Creating a well-orchestrated onboarding experience is a foundational muscle that can accelerate customer adoption and expansion. At this stage, companies are investing more resources and specialized roles within customer success and support teams.
Examples of these kinds of roles include:
- Customer Success Managers: Leaders of customer outcome realization
- Customer Success Engineers: Technical specialists focused on product adoption
- Account Managers: Owners of the customer relationship
- Onboarding Specialists: Owners of customer enablement process
- Implementation Specialists: Responsible for product deployment and integration
- Technical Support Engineers: Product-specific issue resolution
Creating clear customer success roles
As you scale, it is critical to be as specific as possible about roles, including who the account manager will be after the sale.
In many cases, the account executive who sells to the customer is not the account manager who works directly with the customer on expansion opportunities and renewals, so it’s important to be clear about responsibilities among your team. Where this works best is when a company identifies whether account management is an activity, function or role. Creating clarity on account management eliminates confusion for your customer and your team.
Customer success at this stage is most closely identified with coordinating resources to support the projects and use cases sold to the customer during the buying process. Building a great onboarding experience is a core capability for customer success that takes priority for the chief revenue officer (CRO), who is laser-focused on time to value and wants to make the customer adoption process as smooth as possible.
Professional services are often a dedicated team at this stage and are usually labeled implementation or deployment teams. This team is responsible for assisting customers with their initial projects using your product. The professional services team typically emerges from employees in the engineering and pre-sales solution architect teams.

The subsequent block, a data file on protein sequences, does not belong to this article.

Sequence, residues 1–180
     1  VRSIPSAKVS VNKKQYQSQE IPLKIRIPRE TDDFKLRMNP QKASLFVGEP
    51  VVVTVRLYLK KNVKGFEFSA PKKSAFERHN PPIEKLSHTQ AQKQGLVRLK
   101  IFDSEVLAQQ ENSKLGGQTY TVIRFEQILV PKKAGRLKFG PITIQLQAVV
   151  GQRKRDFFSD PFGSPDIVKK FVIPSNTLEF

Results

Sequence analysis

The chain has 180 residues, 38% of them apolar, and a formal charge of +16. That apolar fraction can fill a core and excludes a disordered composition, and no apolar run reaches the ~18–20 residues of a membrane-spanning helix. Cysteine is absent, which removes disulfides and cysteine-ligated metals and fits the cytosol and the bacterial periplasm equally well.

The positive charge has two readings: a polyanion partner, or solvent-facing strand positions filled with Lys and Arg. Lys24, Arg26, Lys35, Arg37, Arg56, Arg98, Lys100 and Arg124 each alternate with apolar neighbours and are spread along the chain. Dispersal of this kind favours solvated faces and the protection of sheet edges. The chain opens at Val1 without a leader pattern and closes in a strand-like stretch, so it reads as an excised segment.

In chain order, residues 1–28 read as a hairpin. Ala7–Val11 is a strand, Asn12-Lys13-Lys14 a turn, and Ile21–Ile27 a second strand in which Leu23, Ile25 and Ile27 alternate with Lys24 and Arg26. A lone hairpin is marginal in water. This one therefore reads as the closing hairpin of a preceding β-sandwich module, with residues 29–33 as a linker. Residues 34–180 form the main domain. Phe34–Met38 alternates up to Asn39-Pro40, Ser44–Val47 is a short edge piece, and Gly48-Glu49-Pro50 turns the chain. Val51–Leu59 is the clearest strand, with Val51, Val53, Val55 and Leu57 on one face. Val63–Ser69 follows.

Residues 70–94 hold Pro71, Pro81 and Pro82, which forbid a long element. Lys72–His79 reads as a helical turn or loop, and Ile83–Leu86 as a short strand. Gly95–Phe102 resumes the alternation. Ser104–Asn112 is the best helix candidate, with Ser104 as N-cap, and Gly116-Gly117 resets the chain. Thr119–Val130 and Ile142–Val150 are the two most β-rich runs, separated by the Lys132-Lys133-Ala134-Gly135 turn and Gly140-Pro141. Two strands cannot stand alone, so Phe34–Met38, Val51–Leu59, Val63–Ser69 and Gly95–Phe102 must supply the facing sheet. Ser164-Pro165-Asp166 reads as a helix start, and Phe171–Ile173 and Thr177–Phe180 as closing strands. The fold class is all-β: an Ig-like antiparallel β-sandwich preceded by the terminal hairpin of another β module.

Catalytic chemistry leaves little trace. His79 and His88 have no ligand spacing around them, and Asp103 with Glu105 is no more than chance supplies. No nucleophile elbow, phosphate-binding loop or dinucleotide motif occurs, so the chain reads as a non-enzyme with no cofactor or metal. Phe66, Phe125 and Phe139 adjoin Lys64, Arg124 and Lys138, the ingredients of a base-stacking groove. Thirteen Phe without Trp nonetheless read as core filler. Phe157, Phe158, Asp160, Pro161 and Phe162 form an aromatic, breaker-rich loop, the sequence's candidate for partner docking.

Tracking customer usage metrics
Product management and customer success teams work together to build the next best actions or plays to run, which influence adoption and implementation timelines for customers. By tracking these usage metrics, companies set the stage for a broader customer success role and more specifically defined customer journey stages.
Get ready to expand beyond technical product support
Customer support teams at this stage are still heavily focused on product and may sit in the engineering team. As mentioned above, the roles are typically referenced as technical support engineers.
The customer support function evolves to include non-product specific customer support, which creates scale through automation. We will cover this in a future post.
Try to avoid leaving the support team inside product engineering too long past this stage as it may impact productivity and the ability to consistently deliver on the product roadmap. I have seen too many product organizations distracted with one-off, day-to-day customer requests which could be best handled with customer and product support in the go-to-market organization. Additionally, go-to-market teams can focus on building a proactive support function that increases the critical collaboration between the field and product teams.
Our next post will focus on stages three and four of the customer journey.